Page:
Centre for Studies in Literature
Dr Elodie Rousselot
- Qualifications: MA (Avignon), MA (Kent), PhD (Kent)
- Role Title: Senior Lecturer in English Literature
- Address: Milldam, Burnaby Road, Portsmouth, Hants PO1 3AS
- Telephone: 023 9284 6169
- Email: firstname.lastname@example.org
- Department: School of Social, Historical and Literary Studies
- Faculty: Faculty of Humanities and Social Sciences
My main areas of research include contemporary historical fiction, the neo-Victorian novel, the history of science and literature, and postcolonial writing (Canadian literature more particularly). My book Re-Writing Women into Canadian History: Margaret Atwood and Anne Hébert (Éditions de L’instant même, 2013) focused on the recovery of female historical narratives absent from hegemonic and colonial versions of history in the work of Canadian novelist Margaret Atwood and Québécois author Anne Hébert. This project challenged conventional understandings of the idea of ‘national literature’ by bridging two bodies of work which have not traditionally been examined together, but which share a common cultural and political past. It won the Prix Scientifique Anne-Hébert.
I am also a member of the Faculty-funded Strategic Project on Cultures of Commemoration.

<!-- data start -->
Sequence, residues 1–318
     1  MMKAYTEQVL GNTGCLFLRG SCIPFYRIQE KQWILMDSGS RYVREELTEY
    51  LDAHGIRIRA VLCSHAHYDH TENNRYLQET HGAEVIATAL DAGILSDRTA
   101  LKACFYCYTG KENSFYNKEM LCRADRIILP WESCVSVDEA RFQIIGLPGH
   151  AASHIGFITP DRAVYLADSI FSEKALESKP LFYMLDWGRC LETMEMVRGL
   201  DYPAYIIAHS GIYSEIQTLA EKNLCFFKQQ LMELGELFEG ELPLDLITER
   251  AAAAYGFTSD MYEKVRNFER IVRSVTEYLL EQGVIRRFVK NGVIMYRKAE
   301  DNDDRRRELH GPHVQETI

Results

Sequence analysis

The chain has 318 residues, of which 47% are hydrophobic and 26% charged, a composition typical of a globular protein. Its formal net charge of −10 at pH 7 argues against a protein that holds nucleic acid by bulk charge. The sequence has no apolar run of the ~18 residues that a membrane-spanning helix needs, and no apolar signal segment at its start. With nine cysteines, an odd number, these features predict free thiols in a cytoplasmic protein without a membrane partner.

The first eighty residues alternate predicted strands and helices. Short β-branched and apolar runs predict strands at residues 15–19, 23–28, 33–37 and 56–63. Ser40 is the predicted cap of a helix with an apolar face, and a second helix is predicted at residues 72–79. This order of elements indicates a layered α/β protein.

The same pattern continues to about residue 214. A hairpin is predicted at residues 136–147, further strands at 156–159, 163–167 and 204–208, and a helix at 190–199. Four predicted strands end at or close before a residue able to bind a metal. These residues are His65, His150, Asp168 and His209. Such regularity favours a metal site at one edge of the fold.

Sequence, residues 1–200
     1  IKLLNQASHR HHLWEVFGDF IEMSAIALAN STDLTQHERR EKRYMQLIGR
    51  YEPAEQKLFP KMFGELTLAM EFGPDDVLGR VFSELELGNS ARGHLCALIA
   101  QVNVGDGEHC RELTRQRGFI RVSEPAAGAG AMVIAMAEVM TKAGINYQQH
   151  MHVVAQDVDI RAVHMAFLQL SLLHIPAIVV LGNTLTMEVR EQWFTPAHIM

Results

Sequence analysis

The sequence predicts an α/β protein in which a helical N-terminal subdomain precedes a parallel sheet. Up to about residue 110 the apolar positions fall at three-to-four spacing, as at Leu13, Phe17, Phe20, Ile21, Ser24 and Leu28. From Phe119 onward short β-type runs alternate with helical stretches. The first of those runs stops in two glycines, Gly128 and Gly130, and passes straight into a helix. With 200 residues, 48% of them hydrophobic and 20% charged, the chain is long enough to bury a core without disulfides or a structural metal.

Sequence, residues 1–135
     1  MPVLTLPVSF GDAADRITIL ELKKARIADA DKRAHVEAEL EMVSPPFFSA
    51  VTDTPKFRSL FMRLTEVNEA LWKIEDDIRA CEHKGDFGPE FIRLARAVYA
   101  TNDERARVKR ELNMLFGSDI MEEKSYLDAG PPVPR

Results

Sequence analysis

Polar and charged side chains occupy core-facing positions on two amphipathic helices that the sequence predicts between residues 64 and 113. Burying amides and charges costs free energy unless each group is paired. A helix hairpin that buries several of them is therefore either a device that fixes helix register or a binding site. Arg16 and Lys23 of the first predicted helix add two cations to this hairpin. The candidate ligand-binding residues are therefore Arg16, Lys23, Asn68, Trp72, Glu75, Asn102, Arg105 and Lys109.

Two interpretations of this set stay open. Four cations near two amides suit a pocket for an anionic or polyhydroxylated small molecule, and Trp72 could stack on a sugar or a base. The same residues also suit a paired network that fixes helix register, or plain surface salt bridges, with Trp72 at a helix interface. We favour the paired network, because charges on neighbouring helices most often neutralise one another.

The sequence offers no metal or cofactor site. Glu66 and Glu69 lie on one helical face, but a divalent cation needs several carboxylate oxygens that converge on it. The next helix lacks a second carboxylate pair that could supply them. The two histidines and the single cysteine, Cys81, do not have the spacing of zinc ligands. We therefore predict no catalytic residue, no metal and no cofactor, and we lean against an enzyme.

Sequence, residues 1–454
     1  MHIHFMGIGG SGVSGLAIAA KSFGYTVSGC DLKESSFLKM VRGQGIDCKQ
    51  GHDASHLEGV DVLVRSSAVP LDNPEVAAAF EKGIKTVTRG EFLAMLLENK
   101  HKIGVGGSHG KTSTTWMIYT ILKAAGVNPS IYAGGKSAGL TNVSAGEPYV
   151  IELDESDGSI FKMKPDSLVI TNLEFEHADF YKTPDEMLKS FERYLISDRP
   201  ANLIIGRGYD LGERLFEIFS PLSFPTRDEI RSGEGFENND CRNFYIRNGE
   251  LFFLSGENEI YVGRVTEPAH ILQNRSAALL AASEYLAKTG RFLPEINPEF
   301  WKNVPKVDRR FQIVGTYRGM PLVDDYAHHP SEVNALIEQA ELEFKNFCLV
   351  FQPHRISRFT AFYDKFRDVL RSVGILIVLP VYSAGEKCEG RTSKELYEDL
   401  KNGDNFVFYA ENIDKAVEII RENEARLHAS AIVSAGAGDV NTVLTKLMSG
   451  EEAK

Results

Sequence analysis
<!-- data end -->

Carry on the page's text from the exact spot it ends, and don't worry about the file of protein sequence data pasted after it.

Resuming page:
My current research project examines the representation of Victorian scientific discourses in contemporary literature and culture. In the context of this project, I am editing a journal special issue of Victoriographies (EUP, forthcoming Autumn 2014) on ‘Neo-Victorian Experiments’, and also writing a monograph provisionally entitled Neo-Historical Experiments. This project makes an important contribution to a recent and emergent field of literary studies.
Based on my interest in contemporary historical fiction, I am also currently editing and contributing to a collection of essays entitled Exoticizing the Past in Contemporary Neo-Historical Fiction (Palgrave, forthcoming October 2014). The essays in this edited collection seek to define the recent trend of the ‘neo-historical’ novel, and consider the exoticizing strategies the latter sometimes deploys in its returns to the past.
Finally, my interest in the neo-Victorian novel more generally has led me to co-edit and contribute to a special issue of Neo-Victorian Studies on “The Other Dickens: Neo-Victorian Appropriation and Adaptation” (2012).